Thompson: Caitlin Clark’s panic should stop. Trust that the recruit will understand

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No, it wasn’t a fantastic introduction to the professional ranks for Caitlin Clark. Certainly not the basketball bliss that some of his legion was hoping to have hungover at some point this weekend.

But towers cannot jump over objects.

Its first two games might look disappointing, especially Thursday’s epic home opener against the Indiana Fever. The moment was big enough for the story to stop right there. Sports’ latest transcendent figure created a buzz at Gainbridge Fieldhouse, rivaling the New York Knicks-Indiana Pacers series.

Then the New York Liberty crashed the party and Breanna Stewart destroyed any illusion that a rookie could be the best player in the WNBA.

But Clark will be fine. How are you. This is just the first of many difficult times. A big game is coming. Other bad ones too. But it is necessary. You can’t climb a mountain if it’s smooth.

The only question is whether the fans she brought to women’s basketball will allow her to do so. Clark talked about giving himself grace. If this were not a coded message to his masses, it should be received as such. She probably won’t be deterred by the unrealistic expectations weighing on her shoulders. But this can make the climb more difficult. But that’s what she wants.

All hoops, real hoops, share this trait. Those who are trained on the black roofs of city centers, in gleaming suburban gymnasiums, in specialist academies in Australia, on clay courts under rural skies. Among their commonalities is this universal truth: they accept what is difficult. They are motivated by the degree of difficulty. As long as success is possible within the confines of their illusory confidence, basketball players are willing to smoke. Real morons. They want a hill to conquer. This is how they confirm their belief in greatness.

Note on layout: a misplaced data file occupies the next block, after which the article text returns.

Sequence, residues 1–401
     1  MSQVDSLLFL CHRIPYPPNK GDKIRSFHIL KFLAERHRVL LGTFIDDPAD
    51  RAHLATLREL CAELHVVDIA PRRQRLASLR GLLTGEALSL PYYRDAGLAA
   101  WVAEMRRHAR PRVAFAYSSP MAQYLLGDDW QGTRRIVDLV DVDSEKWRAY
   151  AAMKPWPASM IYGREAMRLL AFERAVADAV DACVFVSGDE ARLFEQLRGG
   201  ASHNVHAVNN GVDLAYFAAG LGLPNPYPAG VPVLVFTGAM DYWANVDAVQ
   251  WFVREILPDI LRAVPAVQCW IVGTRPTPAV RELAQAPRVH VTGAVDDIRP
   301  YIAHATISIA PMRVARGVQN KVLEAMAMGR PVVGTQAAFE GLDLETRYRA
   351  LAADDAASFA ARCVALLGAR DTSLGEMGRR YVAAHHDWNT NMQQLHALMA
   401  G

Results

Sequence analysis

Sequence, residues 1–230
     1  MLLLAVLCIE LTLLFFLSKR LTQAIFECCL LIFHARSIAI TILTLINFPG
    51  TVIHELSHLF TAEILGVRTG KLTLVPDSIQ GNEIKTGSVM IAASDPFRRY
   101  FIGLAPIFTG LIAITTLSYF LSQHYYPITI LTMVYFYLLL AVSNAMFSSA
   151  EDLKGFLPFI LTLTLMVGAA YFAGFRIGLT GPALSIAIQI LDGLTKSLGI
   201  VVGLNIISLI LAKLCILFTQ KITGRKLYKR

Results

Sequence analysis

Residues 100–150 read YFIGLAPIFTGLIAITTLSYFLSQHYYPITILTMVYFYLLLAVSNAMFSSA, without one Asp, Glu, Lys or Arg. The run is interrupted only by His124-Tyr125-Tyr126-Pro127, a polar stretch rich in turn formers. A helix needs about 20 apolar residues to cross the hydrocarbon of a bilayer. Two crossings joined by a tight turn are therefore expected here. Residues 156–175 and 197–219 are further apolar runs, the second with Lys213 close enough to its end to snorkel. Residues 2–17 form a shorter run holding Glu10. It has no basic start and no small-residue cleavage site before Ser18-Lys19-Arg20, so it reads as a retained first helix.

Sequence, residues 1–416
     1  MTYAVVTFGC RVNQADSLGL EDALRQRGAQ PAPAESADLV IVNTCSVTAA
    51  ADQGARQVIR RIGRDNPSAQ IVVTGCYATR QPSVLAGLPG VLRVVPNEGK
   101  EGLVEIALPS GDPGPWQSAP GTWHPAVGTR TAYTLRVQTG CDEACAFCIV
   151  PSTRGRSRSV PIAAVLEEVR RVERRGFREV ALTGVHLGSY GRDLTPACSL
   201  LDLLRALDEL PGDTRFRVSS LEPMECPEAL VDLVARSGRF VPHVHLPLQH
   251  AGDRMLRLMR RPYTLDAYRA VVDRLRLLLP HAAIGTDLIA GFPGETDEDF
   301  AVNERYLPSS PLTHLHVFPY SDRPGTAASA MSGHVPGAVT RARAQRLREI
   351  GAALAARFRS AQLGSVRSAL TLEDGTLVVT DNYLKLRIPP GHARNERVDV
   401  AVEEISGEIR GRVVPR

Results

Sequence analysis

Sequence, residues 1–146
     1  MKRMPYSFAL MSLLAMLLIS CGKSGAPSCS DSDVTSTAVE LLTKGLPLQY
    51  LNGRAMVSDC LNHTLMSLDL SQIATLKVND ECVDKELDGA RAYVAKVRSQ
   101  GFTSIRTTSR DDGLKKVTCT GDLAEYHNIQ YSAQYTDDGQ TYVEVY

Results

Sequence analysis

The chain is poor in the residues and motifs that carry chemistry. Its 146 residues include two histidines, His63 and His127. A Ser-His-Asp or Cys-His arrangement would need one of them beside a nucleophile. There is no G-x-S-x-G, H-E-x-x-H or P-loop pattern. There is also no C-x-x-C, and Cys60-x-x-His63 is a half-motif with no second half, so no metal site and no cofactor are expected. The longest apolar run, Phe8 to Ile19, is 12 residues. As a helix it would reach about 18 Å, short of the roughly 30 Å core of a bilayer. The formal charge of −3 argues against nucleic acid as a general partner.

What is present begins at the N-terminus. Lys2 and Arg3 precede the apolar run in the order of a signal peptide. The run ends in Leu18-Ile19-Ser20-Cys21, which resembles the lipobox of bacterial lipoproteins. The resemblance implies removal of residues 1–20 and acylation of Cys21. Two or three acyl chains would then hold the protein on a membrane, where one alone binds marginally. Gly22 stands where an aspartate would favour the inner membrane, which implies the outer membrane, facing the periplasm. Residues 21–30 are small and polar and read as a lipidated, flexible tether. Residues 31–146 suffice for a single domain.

That’s why Clark will be fine. We already know she’s a real hoopster. She revealed this essence a long time ago.

She might be in a relaxing place right now. Capitalizing on his celebrity, growing his brand before a season-long farewell tour of Iowa. Thanks to the extra year of eligibility from the NCAA for the pandemic, she could have returned to her comfort zone in college. However, she opted for this. Getting stalked by a more athletic DiJonai Carrington. Being smothered by a bigger Betnijah Laney-Hamilton. To deal with traps, double teams and heavy fouls. To find his way under the weight of his enormous fan base and mercurial fame.

To take lumps from him. At the risk of being disappointed.

It might take a while to find her rhythm, especially because she wants to win more than she wants to dazzle. But she’s not designed to be the same Clark who took over the nation.

First of all, Fever’s schedule is brutal at first. Their next two games are rematches against New York on Saturday and against Connecticut on Monday, two teams that Indiana lost to by a total of 57 points. That is followed by a three-game roadie to Seattle, Los Angeles and defending champion Las Vegas. That’s a far cry from Fairleigh Dickinson, Northern Iowa and Purdue-Fort Wayne to warm up against early in the season.

Plus, Clark is already attracting the attention of much better defenders.

Her debut was a dance with Carrington, a 5-foot-11 dog who’s in the league for harassing ball handlers (and who’s pretty good at it; she doesn’t ruin her perfect makeup in the process). Clark’s home debut was a date with Laney-Hamilton, a vet in every sense of the word. She played for eight teams in six years, four of them overseas, before coming out to the Liberty in 2021. She’s at least 15 pounds over Clark and a decade of hard hoops under her belt dating back to her Rutgers days . Another real player determined to make his presence felt by Clark.

Both were recovering it all over the court or protecting Clark in the half court.

Clark is still learning the offense, which isn’t all about her. The Fever play inside out, posting Aaliyah Boston or whoever has the size advantage, looking to draw the defense in for the kick. This is not the offense I would run with Clark as the leader. But that’s also part of it.